In fact, we now understand more clearly that there are different motivations for using our phones in the car. So there is no one size fits all approach to reducing smartphone use while driving.
Beyond the punitive stick, what is the solution?
The first step is to understand the risk. The researchers asked 32 international road safety experts to rate the likelihood of crashing due to four different types of driving distracted by a mobile phone against four other well-established risky behaviours – speeding, driving fatigued, drugged or at the legal alcohol limit.
“The experts rated holding a phone and looking at the screen for more than two seconds while driving as the behaviour most likely to increase the chance of a crash for younger drivers – by almost four times,” Dr O’Donnell says.
Taking the newfound insights, the Australian Automobile Association has applied the research to create a resource designed to break the nexus between young drivers’ motivations to use their smartphones while driving, and their actual use.
Drive in the moment is a new, online platform with a Risk Rater tool that demonstrates the risk of smartphone distraction when compared with other, well-established risky behaviours. Taking the quiz in the Risk Rater allows you to learn more and compare how you rate the risks against the experts.
You can then try the Plan Builder tool, which prompts you to build a bespoke plan to reduce smartphone use by helping to identify the various ways and moments in which you are tempted to use a phone. The tool will then ask you to develop a tailored ‘mental plan’ of how to better respond, manage relapses and re-enforce positive behaviour.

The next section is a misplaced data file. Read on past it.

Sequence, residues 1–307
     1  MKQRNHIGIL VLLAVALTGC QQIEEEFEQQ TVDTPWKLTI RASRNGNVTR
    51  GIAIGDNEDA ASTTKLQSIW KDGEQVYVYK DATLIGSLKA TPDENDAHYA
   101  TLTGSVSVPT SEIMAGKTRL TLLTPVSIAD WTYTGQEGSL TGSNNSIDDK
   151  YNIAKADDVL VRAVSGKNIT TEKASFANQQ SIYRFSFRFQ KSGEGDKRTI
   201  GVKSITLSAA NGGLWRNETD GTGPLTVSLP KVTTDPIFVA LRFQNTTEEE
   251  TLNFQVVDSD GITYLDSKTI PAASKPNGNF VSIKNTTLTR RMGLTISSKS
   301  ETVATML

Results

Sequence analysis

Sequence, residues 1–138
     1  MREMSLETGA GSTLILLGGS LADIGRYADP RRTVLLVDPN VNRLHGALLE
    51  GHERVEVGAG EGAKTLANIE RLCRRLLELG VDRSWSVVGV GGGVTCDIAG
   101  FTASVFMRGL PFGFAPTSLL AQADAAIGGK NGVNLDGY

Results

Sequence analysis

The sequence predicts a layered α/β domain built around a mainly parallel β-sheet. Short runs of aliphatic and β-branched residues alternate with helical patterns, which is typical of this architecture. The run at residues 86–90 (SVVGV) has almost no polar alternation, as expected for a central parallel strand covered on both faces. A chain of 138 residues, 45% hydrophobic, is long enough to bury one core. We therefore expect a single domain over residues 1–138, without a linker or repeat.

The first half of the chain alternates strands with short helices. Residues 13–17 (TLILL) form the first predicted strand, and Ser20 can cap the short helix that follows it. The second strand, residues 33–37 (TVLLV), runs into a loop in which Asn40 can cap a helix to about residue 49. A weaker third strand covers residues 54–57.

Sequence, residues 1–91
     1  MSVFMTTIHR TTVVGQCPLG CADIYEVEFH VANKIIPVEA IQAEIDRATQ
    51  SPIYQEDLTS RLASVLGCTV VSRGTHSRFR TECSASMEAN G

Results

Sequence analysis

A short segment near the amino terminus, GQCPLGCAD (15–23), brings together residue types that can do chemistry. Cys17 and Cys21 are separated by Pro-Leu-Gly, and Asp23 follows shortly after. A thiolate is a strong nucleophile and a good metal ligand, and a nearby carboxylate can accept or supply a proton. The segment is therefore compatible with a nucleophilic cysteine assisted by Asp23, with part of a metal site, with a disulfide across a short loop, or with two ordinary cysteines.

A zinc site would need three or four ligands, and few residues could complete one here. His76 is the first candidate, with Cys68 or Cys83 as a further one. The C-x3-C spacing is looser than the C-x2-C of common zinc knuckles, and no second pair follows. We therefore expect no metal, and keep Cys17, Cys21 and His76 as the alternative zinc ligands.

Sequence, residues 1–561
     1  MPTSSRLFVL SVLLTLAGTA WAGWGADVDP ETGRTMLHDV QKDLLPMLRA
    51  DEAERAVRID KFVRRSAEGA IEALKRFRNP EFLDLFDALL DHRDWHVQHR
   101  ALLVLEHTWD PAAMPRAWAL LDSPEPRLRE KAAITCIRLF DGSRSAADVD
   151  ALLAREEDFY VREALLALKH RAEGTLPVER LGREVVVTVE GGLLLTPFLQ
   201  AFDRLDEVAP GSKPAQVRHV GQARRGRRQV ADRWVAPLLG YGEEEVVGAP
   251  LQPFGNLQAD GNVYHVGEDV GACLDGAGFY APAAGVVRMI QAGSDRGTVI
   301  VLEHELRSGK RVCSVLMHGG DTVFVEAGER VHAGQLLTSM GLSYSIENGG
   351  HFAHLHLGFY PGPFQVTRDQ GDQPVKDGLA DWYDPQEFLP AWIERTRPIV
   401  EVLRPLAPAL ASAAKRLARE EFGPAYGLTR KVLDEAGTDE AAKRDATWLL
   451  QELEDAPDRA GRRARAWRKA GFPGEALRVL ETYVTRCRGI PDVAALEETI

“Research done in the UK has shown that using ‘If-Then’ plans helped young drivers reduce their smartphone use while driving,” Dr O’Donnell explains. “These responses might be mental, like thinking about wanting to keep friends and family safe. Or they can be physical, like reminding yourself to keep your hands on the wheel or putting the phone away out of reach.”
Because we all use our phones differently and for different reasons, each plan needs to be unique to be effective.
“The good news is we can see from the research people are trying to reduce their use, and we hope this new approach is one way that can help those who want to change their behaviour,” says Dr O’Donnell.
“We want Australians to aspire to be better, safer drivers, who take less risks on the road. Have a plan, ditch the distractions, and drive in the moment.”
The distracted driving research was commissioned by the Australian Automobile Association in partnership with the New Zealand Automobile Association, using grant funding from the Federation Internationale de L’Automobile, and conducted by the Queensland University of Technology (CARRS-Q).
This article has been republished by AfMA with permission from the Australian Automobile Association.